Annie Pettway in the 1960s. Photo from History of Hobe Sound , by Paula Mac Arthur Cooper
Annie Pettway in the 1960s. Photo from History of Hobe Sound, by Paula Mac Arthur Cooper.

Hobe Sound Chamber history: (
Florida Memory: (

Jacqui Thurlow-Lippisch

Jacqui Thurlow-Lippisch

Although born at Travis Air Base, California, Jacqui considers herself a native of Stuart, Florida, having moved there at eight months old. Her father’s family, originally from Syracuse, New York, has lived in Stuart since 1952. Her mother is a 5th generation Floridian from Gainesville.

Jacqui is journalism and German graduate of the University of Florida, and an education master’s graduate of the University of West Florida. She went on to teach both English and German and after a serious accident of breaking her neck, started selling real estate. In 2008 she ran for the Town of Sewall’s Point Commission and has served since 2008; She is former mayor. During this time she saw the opportunity to help showcase the work of a locally formed river group, the River Kidz, and this has been her passion ever. She incorporates youth/river education into her political work for the St Lucie River/Indian River Lagoon.

Jacqui is the treasurer/secretary of the Treasure Coast Regional Planning Council; has chaired the Florida League of Cities Environmental and Energy Committee; was chair, and long time member of the Treasure Coast Council of Local Governments; is an alternate for the Water Resources Advisory Commission for the South Florida Water Management District; and a board member for Harbor Branch Oceanographic Institute Foundation. She also serves as an (ex-officio) board member for the Rivers Coalition Defense Fund, and is head administrator for the River Kidz.Jacqui is a Daughter of the American Revolution.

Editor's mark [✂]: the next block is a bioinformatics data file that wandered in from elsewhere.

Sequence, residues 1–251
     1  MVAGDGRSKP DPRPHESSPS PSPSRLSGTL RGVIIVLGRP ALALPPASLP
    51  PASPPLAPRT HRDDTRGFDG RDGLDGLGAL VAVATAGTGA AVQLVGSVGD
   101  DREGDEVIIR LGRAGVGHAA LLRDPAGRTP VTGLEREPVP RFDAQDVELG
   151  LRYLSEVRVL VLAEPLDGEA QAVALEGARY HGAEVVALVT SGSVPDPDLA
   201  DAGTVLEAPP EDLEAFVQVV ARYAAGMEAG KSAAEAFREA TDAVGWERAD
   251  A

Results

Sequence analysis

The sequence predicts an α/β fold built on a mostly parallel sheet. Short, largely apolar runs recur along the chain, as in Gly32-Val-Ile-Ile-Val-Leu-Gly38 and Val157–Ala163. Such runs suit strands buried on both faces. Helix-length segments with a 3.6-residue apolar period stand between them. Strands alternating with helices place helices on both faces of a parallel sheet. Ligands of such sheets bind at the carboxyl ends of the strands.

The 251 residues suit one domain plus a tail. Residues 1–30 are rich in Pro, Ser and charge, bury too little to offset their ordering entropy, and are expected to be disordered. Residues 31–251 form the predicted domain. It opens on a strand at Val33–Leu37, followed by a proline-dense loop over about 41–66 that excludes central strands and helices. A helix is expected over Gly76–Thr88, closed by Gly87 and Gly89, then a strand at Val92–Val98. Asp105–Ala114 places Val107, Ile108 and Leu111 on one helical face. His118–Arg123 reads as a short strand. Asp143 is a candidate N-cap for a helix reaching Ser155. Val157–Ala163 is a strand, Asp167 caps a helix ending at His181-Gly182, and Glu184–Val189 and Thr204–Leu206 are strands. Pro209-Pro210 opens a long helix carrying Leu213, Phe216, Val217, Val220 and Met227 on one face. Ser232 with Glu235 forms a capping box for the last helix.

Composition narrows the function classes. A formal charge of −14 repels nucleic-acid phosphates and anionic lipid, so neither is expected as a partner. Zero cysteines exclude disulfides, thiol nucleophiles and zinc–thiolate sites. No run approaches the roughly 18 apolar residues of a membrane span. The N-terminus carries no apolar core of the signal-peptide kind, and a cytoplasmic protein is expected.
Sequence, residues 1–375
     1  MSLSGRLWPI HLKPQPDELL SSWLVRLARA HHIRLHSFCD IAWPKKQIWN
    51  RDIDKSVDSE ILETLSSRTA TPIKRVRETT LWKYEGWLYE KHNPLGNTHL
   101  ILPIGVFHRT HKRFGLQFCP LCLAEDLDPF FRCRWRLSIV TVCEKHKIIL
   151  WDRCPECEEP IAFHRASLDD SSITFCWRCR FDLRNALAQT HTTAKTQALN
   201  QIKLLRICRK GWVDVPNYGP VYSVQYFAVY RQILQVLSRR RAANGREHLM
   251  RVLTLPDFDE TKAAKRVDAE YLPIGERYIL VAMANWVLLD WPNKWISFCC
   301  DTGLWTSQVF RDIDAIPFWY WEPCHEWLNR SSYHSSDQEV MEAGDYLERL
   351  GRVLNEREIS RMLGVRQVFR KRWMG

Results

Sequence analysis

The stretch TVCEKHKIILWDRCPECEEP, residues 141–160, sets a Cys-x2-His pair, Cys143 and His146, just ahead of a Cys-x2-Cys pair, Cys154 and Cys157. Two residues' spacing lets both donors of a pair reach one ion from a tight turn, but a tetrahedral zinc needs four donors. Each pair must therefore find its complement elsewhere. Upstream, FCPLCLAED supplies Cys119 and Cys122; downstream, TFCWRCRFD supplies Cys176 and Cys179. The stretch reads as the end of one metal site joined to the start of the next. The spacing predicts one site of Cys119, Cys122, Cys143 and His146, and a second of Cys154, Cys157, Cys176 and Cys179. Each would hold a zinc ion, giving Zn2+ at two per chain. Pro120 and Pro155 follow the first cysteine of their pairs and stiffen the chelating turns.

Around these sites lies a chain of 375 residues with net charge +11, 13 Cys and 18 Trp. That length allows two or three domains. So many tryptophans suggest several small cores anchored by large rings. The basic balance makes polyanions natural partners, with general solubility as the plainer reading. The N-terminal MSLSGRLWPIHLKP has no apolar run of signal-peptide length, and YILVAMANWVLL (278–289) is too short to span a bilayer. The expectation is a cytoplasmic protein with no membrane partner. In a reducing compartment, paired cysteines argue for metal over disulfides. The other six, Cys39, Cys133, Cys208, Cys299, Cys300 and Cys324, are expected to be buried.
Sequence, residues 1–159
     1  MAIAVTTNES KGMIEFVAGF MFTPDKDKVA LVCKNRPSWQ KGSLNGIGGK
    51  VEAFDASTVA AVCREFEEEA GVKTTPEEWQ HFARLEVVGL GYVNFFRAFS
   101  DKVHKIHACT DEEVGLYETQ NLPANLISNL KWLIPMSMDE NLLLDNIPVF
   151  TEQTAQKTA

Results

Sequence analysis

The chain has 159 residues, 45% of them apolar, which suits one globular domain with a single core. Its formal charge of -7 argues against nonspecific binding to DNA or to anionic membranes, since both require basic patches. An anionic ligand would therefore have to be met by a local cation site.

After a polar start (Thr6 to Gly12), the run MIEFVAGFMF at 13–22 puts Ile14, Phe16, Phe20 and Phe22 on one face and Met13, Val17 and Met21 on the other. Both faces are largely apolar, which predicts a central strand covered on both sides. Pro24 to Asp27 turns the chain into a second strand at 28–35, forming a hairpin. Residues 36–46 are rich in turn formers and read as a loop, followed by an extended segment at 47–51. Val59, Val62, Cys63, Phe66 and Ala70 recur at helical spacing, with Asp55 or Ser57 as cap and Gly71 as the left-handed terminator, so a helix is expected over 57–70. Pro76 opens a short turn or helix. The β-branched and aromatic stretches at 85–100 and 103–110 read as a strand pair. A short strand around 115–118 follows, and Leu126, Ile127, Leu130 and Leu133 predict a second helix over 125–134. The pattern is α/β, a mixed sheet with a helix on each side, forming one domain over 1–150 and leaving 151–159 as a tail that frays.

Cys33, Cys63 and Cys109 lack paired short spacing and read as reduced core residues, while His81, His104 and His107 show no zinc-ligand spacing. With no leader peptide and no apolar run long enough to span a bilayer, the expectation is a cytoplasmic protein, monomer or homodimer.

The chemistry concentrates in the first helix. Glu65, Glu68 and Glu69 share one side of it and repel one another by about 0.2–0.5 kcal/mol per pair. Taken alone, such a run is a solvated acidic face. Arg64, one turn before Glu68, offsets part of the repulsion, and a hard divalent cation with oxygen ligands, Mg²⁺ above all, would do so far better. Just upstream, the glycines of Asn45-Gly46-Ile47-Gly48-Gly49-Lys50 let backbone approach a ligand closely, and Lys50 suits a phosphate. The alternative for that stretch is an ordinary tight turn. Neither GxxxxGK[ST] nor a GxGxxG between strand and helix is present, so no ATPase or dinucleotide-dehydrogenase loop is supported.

Jacqui’s reach involves not only local, but state and federal government. In 2013,  she served on Senator Joe Negron’s panel for the Select Senate Hearing on the Indian River Lagoon and Lake Okeechobee. In 2014, she actively supported the elections of both Senator Joe Negron and Congressman Patrick Murphy who have both been strong supporters of Indian River Lagoon issues. In 2015, she is part of the Florida League Cities Treasure Coast Advocacy team. Jacqui received the Everglades Coalition’s prestigious 2015 “John V. Kabler Award” for “Grassroots Activism.” Most recently she has been recruited as a fellow by the University of Florida/IFAS’s Natural Resources Leadership Institute Class XV.Jacqui is running for Martin County Commissioner District 1, 2016.


Click link below to have your own electronic copy of Jacqui’s Aerial Photo Booklet: Lake Okeechobee Releases SLR/IRL 2013: (

Photos to share: 2013 SLR/IRL releases Lake Okeechobee, C-23; C-24; C-44 and C-25:

Link 1: (

Link 2: (

II. Google Earth/Historic Maps Overlay Flights from my blog, created my brother TODD THURLOW, ( These flights use Topo and other historic maps combined with today’s Google Earth images –flashing between “yesterday and today–give tremendous insight into water and land changes due to drainage for agriculture and development that have occurred in our region.

1. The Inlets at Peck’s Lake and Jupiter Narrows. (
2. Hal-pa-ti-okee Swamp: Port St Lucie and Western Martin County. (
3. Bog and Ponds of Martin County, 1940s. (
4. The Spoil Islands of the Indian River Lagoon, Martin County (
5. Capt. Henry Sewall’s Dock, Sewall’s Point, Where Was it Located? (

*6. Where did the South Fork of the St Lucie River and the St Lucie Canal Connect, ca. EDD/ACOE 1915-1923? (

7. Sailfish Point’s Erosion, Comes and Goes: 1935-1980 (

8. USCG Stations, Ft Pierce and Lake Worth, “Then and Now:” (

9. St Lucie Shoal and Mt. Elizabeth 1882 (

10. South Bay and Lake Okeechobee’s Altered Shoreline: (

11. Inlets of Hutchinson Island 1515-1900 (

12. C-44 Reservoir/STA once Orange Groves: (